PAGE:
Inadequate food quality control in Croatia, BiH cause concern


Black market food and authorised imports leave doubts whether products are adequately tested for quality and safety.

By Bedrana Kaletovic for Southeast European Times in Sarajevo -- 05/07/12


Reports of tainted beef have many consumers worried in the region. Food inspectors work at BiH's Public Health Department in Tuzla. [Bedrana Kaletovic/SETimes]

Regional countries are aware of the importance of controlling food transported across borders, but daily scandals primarily involving imports of meat of dubious quality raise questions about the ability of countries to control the black market for food.

Croatia was recently shaken when a citizen imported hundreds of kilograms of frozen meat of questionable quality from Bosnia and Herzegovina (BiH).

The meat lacked any proof of origin and was sold at lower than market prices in Croatia, but generated tremendous profits.

Authorised meat imports in BiH must not be older than six months, according to the country's Veterinary Office -- tasked with inspecting border trade -- and the Croatian agriculture ministry's food safety and inspection department.

BiH requires meat imports to be checked in several phases, and all packages must be announced 24 hours prior to arrival at the border crossing. Parcels must include a veterinarian certificate and pass a visual inspection and identification check, according to the BiH Veterinary Office.

Frozen meat is mostly imported at three border crossings in BiH, and it comes from Holland, Germany, and Austria, and also from Spain, Italy, Hungary and Poland.

Despite a recent agreement among Croatia, BiH, Serbia and Montenegro for an electronic exchange of information, which contributes to more efficient customs procedures, the border controls for food are not well co-ordinated.

"When Croatia becomes an EU member on July 1st next year, the border crossings must function at full capacity and fulfill all EU standards regarding the import of goods of plant or animal origin," Miro Dzakula, director of BiH's indirect taxation administration, told SETimes.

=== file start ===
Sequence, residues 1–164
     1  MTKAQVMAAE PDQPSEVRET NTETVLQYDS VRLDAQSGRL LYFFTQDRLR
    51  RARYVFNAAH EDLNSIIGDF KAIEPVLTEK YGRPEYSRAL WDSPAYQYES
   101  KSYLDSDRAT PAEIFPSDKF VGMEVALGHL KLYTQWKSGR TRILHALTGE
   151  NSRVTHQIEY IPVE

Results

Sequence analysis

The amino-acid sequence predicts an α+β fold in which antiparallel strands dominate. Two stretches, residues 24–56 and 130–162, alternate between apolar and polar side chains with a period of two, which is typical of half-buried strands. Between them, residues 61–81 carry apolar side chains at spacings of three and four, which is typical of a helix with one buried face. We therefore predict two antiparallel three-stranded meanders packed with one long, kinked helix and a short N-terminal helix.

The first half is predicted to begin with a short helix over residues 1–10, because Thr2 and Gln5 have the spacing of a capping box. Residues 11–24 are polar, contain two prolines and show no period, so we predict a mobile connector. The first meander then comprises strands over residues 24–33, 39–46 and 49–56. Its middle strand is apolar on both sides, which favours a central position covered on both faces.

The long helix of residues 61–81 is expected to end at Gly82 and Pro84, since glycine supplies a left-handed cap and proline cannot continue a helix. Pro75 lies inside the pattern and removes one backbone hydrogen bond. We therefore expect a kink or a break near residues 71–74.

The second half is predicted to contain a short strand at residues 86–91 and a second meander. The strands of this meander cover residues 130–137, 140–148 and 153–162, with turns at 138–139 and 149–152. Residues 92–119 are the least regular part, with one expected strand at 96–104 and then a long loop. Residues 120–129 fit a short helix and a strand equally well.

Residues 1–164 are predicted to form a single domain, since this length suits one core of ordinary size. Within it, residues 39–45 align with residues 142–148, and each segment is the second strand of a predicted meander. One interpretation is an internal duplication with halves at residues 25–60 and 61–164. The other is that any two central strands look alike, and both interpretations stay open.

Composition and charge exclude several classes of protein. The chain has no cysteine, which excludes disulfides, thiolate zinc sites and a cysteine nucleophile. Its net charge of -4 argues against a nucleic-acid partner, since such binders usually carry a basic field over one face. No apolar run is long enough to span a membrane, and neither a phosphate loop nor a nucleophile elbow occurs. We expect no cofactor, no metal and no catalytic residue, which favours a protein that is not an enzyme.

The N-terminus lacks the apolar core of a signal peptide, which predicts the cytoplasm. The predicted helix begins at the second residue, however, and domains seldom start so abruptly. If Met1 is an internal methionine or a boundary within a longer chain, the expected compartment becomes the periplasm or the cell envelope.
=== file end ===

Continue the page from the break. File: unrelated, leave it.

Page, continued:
"At present, 25% to 30% of the total meat consumed in Croatia does not go through the control system, but has arrived from the black market outside of any regulations," Stipan Bilic, dietary specialist from Croatia and director of the Kondin business group Kondin, told SETimes.

Bilic explained the large supermarket chains import meat right before its due date, and which they have to sell at half price at home, but here they put it in processed food to earn profit.

BiH officials, however, said the food quality consumed in the country is close to that of the EU.

Sejad Mackic, director of BiH's agency for food safety, told SETimes that out of 1,688 laboratory analyses performed in 2011, only ten did not satisfy established rules.

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Food safety and quality experts warn citizens not to rely too much on the state to conduct food controls, but to give precedence to the local producers whom they know and trust.

"Supermarkets and open air markets offer highly treated fruits and vegetables from large producers and suppliers. Such producers are safe and have standardised their production," Dragan Pusara, a food quality expert from Serbia, told SETimes.

On the other hand, he said, there are small producers from local shops whose quality one can always test.

"By purchasing those products, you offer support to local producers and are ensured about the food quality."

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